The old adage, you are what you eat, may sound trite, but as with all adages there is truth. As a competitive body builder in the over 50 category, Maxine Johnson, learned the power of food to create a desired result. Intrigued by her experience and with a hunger to help others, Maxine became a Nutritional Therapist and founded TempleFit.
According to Maxine the key to overall well-being begins in the gut. The digestive system plays an intrinsic role in a person’s overall health including brain health. In other words, show your gut a bit of love by eating gut healthy foods, and you may find your mood improves too.
The best foods to fuel the microbiome that is your gut are fermented foods. “Fermented Foods reseed the gut with good flora,” explains Maxine. “In nutritional therapy we don’t kill anything, we just promote the good, which subdues the bad.”
Fermented foods include yogurt, sauerkraut, fermented turmeric, kombucha, and pickled vegetables that have been pickled properly.
Maxine makes her own yogurt, a relatively easy food to culture at home. Yogurt contains live active cultures that promote good gut flora. For the best yogurt, it is important to use raw or low-heat pasteurized milk. Pasteurization is meant to kill bad germs and bacteria from milk, making it safe to drink. However, in the process of ultra-pasteurization, all of the good flora is cooked out as well creating a longer shelf life for the milk. Using pasteurized milk does not result in quality yogurt. Maxine’s Yogurt recipe is available on her website.
Another interesting food Maxine has been experimenting with recently is fermented turmeric. Turmeric is a spice that has gained fame for its anti-inflammatory properties. “Turmeric, most commonly found in its powdered form,” says Maxine, “is not very digestible unless you mix it with fat and pepper and once you do that it’s not palatable. But Turmeric root that is sliced or shredded and fermented is better absorbed because it is predigested.”
Kombucha is fun to make, and creates a light fizzy beverage. But like other fizzy beverages it can pop it’s top and also needs to be made in very clean conditions. Kombucha contains a symbiotic colony of bacteria and yeast (SCOBY) Maxine describes a SCOBY as a living mushroom pancake type thing. To make Kombucha, you brew black or green tea with sugar and but it in a jar with the SCOBY. Let it sit for 10 to 14 days. Full instructions can be found here.
Sauerkraut is another food that has gone through the culture process. When selecting a sauerkraut it is important to avoid pasteurized cooked versions because they became too hot in the processing to have anything live in them. Raw sauerkraut can be found in the refrigerator section (usually next to the beers and cheeses) in stores like the Olympia Food Co-op. Maxine recommends Bubbies, OlyKraut, and Firefly Kitchens (the owner of which is a fellow nutritional therapist). A good ‘kraut is made with a salt brine and contains no vinegar. Cabbage also contains vitamin U, which helps heal the gut, plus in its fermented form it’s predigested and helps reseed the gut with good flora.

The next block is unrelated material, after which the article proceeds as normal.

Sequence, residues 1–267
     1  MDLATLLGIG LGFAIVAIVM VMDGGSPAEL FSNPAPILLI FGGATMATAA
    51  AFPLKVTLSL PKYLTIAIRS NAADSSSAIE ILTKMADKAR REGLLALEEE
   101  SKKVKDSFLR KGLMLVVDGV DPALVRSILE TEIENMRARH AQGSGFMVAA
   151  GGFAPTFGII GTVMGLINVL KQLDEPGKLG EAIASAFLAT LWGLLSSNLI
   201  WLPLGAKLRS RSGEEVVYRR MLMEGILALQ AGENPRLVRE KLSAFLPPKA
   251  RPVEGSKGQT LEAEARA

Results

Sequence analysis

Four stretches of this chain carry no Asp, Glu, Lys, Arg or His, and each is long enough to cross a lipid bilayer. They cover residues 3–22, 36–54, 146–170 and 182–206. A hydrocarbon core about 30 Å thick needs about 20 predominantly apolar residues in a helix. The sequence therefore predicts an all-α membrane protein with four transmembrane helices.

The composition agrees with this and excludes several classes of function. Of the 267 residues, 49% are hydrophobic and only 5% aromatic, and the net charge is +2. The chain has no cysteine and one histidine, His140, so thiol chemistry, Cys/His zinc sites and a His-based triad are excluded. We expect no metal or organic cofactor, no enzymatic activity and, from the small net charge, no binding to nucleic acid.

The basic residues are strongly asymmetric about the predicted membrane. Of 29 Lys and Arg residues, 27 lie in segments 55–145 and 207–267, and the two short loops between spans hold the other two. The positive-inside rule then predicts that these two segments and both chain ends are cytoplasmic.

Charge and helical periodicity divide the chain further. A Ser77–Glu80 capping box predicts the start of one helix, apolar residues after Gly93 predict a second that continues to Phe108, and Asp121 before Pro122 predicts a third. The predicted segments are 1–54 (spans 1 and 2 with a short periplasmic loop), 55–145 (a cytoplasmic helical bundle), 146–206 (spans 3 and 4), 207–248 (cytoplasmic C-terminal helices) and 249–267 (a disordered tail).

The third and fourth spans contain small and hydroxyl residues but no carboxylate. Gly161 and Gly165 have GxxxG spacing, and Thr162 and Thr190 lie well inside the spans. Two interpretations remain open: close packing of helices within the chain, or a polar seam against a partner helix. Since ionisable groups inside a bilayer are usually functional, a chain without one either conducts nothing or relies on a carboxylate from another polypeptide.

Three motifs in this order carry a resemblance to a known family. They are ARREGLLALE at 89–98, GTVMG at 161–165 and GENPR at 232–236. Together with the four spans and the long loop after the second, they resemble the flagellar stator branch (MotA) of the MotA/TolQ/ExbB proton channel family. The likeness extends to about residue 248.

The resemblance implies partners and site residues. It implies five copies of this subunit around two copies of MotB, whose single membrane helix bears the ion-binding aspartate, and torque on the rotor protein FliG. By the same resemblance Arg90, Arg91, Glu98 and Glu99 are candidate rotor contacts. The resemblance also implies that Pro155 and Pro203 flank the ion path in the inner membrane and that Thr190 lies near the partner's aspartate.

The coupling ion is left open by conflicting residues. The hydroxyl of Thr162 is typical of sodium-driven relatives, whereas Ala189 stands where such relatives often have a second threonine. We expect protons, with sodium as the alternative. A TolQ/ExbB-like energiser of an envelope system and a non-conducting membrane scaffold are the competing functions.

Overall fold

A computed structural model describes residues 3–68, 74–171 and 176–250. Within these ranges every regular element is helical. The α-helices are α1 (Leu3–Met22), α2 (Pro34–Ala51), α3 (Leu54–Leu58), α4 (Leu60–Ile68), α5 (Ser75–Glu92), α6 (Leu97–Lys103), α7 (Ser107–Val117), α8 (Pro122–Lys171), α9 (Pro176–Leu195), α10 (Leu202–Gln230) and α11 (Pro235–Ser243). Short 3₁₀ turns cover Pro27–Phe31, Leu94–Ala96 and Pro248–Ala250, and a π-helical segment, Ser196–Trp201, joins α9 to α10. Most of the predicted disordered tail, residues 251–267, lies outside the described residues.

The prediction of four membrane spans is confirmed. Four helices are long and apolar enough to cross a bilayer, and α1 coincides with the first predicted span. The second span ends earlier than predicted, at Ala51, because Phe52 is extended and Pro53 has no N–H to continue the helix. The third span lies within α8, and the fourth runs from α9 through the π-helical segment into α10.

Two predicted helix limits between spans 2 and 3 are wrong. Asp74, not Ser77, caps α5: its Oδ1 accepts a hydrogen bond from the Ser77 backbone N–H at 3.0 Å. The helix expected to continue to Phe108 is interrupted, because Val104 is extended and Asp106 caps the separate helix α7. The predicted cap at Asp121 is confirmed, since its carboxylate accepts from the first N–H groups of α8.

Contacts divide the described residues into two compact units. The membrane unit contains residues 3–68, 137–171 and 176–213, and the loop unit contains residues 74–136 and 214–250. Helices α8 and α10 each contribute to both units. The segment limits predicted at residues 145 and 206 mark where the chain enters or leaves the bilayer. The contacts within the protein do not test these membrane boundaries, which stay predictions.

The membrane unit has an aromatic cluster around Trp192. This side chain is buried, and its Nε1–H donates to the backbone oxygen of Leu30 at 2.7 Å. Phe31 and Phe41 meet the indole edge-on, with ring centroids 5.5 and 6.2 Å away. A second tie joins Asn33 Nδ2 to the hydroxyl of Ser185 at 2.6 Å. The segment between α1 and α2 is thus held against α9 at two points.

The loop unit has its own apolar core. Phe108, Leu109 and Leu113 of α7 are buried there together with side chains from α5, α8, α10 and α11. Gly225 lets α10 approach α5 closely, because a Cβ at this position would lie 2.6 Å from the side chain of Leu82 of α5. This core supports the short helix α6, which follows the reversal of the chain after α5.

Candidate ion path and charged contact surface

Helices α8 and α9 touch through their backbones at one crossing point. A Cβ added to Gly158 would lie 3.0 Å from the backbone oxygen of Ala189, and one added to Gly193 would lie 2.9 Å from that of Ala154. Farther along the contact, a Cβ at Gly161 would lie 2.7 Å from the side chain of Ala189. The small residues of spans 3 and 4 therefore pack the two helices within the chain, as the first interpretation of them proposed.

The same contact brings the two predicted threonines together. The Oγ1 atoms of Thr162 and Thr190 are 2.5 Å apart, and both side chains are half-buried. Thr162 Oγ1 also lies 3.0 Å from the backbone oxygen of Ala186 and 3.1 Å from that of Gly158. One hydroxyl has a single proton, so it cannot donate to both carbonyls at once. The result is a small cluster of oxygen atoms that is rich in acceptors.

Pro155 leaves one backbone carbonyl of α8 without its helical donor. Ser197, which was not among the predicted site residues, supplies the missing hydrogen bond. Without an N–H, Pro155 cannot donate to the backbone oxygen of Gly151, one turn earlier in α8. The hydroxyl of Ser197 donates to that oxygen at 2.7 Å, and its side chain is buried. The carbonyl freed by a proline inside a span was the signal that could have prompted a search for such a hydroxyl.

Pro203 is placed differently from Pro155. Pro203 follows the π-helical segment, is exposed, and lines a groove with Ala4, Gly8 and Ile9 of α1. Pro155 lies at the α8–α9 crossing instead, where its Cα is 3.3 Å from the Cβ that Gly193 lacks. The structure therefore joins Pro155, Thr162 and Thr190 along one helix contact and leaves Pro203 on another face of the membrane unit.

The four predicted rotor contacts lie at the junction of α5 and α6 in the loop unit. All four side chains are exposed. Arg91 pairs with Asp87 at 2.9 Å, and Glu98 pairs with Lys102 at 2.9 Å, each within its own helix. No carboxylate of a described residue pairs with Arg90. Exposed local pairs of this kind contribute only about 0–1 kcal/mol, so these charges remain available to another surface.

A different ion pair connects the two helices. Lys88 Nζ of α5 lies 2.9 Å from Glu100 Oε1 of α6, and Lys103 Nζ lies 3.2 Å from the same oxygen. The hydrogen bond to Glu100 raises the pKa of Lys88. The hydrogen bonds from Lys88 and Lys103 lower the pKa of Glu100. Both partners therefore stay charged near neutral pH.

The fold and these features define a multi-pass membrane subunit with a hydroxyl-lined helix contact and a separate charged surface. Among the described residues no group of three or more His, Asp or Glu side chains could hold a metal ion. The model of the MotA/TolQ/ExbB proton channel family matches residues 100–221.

“You can drink the brine itself,” adds Maxine, “and is quite delicious and healthy. I noticed that OlyKraut has bottled the brine and you can buy that by itself.”
Another food that is more digestible is sprouted foods. These include grains, nuts and seed sprouts. Generally, Maxine recommends staying away from grains, with the exception of sprouted grains. Bread brands that Maxine recommends are Ezekiel Bread and sprouted Dave’s Killer Bread.
Nuts are the same and are better sprouted. Maxine shared her recipe for a sprouted trail mix. She takes almonds, walnuts, and pecans and covers them with water, soaking overnight. Set the oven to the lowest temp 150-175 degrees. Pat the nuts dry and place them on a greased pan spreading them out. Slow roast for a day or two. These can be flavored to taste with cinnamon and chili powder. To make it more festive add raisins or dried cranberries.
“Everything that comes from the ground is from God, from Mother Nature,” says Maxine. “There is no bad food, it’s just what we do to it. There is bad processing.”
In a society where manufactured food is a staple, Maxine suggests when shopping it is always best to shop the perimeter of the store and to avoid the central aisles as much as possible.
“All foods are good, but all foods are not beneficial for everyone.” Maxine goes on to explain, “It’s important to understand the food that is appropriate for you. It depends on the individual. I wouldn’t say to a diabetic, ‘grapes are fine.’ I might steer you away from high sugar fruits for a time. I had a client who was diabetic who concentrated on vegetables and high fat and high protein foods, and she was able to keep her blood sugar under control that way.
Meats are great too as long as they are properly, sustainably grown. Cows that are out in a pasture, pigs that can roam, chickens that are allowed to eat bugs are always better. Animals that are allowed to live a normal life produce healthy meat and produce.
To learn more about the food that best fuels your individual needs, visit the TempleFit website or call 360-338-0481.
605 11th Ave S.E. Suite 202, Olympia